The Matrix of Feedback
Feedback. What comes up for you when you hear it? Does your trigger response take you to a place of defensiveness where you assume that you have done something wrong? Or, do you receive it as an opportunity for growth? Whatever your feelings, feedback is an important tool that when received without judgement, loses its charge and just becomes information that can be acted upon or rejected. Feedback is nothing more than words. We categorize and give it meaning based on our own internal programming, judgments, and beliefs.
Feedback is an opinion belonging to someone else about the way in which you have or haven’t done something. When receiving feedback, it’s important to consider the different pieces of what I like to call the feedback matrix.
- Who is giving the feedback and what relationship/importance do they have in your life?
- Do you value their opinion?
- What is the person’s expertise in the area that they are giving feedback in? What is your level of expertise?
- The emotional state of the person giving feedback. Depending upon the person’s mood, and life circumstances, this person may think you are great in one moment and terrible at another.
- What is the topic? Is it about something that feels sensitive to you? If so, note that so that you can take it less personally, since it is already a tender spot that doesn’t take much to bruise.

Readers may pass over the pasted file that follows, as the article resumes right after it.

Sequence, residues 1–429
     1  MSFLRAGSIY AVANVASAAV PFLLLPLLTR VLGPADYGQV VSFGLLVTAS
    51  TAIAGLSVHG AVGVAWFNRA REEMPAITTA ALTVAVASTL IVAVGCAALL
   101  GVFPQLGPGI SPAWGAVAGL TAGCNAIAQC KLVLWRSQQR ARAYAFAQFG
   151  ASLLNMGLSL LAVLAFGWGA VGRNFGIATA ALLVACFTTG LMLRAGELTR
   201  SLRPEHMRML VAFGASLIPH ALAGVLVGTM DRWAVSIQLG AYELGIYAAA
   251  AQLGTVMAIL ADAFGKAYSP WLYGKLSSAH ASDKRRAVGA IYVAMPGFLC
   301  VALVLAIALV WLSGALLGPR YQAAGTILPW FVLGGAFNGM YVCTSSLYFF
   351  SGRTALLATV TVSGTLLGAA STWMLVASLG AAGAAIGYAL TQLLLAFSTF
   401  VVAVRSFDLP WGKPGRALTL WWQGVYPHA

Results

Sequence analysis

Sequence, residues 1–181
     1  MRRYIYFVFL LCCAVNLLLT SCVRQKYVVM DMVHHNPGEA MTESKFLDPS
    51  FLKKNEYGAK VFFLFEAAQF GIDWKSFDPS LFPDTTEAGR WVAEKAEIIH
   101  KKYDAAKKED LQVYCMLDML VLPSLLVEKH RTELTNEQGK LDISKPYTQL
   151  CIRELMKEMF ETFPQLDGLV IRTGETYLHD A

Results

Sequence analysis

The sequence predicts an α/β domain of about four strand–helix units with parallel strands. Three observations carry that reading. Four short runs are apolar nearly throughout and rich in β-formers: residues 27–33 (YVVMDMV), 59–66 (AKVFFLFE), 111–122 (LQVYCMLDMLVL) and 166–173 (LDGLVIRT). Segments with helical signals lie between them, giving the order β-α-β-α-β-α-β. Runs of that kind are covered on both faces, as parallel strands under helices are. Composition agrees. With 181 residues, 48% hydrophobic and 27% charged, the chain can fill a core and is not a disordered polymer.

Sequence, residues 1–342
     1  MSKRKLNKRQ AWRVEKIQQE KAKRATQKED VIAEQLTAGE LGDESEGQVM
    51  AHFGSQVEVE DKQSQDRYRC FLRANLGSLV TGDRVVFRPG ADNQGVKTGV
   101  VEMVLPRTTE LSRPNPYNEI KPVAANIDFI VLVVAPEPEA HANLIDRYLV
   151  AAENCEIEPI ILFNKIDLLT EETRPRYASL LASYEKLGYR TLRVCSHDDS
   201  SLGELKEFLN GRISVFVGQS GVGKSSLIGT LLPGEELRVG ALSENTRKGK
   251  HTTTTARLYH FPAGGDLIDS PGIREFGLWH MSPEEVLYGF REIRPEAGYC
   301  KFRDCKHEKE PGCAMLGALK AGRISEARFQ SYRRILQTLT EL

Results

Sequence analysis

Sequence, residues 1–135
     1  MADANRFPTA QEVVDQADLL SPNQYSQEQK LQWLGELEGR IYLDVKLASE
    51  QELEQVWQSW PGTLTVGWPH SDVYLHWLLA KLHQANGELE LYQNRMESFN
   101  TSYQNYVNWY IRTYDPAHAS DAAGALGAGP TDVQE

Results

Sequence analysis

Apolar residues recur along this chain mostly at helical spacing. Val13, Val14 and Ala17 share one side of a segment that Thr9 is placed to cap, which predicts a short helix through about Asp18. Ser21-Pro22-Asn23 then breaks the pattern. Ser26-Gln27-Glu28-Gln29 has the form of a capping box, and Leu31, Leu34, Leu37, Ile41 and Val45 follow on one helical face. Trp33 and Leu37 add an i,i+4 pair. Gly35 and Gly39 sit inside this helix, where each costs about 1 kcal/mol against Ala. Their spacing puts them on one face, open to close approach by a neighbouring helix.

- What is the intended outcome for the person giving the feedback? Take time to consider what you would like the outcome to be.
- What do you do with feedback? Do you automatically get defensive or do you look at it as a potential learning opportunity?
- How is your emotional state at the time you are receiving the feedback? If you received it at another time, would it sound and feel different?
- What do you think of the feedback? Does it resonate? If not, can you let it go?
It’s human nature to change behavior to receive the approval of others. Most people view feedback from a negative lens because it can be associated with criticism and ways to improve. Have you ever considered that feedback can also be positive? Think back to the last time you received a compliment, shared a laugh, received a smile, were confided in or paid attention too; those are all positive forms of feedback. People can become so fixated on the negative that they lose sight of how they are truly reflecting in the world.
I encourage you to begin to view feedback as information that you can accept or reject, so that you can make authentic changes that resonate with your values and your vision of who you want to be in the world. If you are interested in defining your values, please contact me for a complimentary 30-minute discovery session. When you are grounded in the truth about who you are, what the world thinks becomes far less important.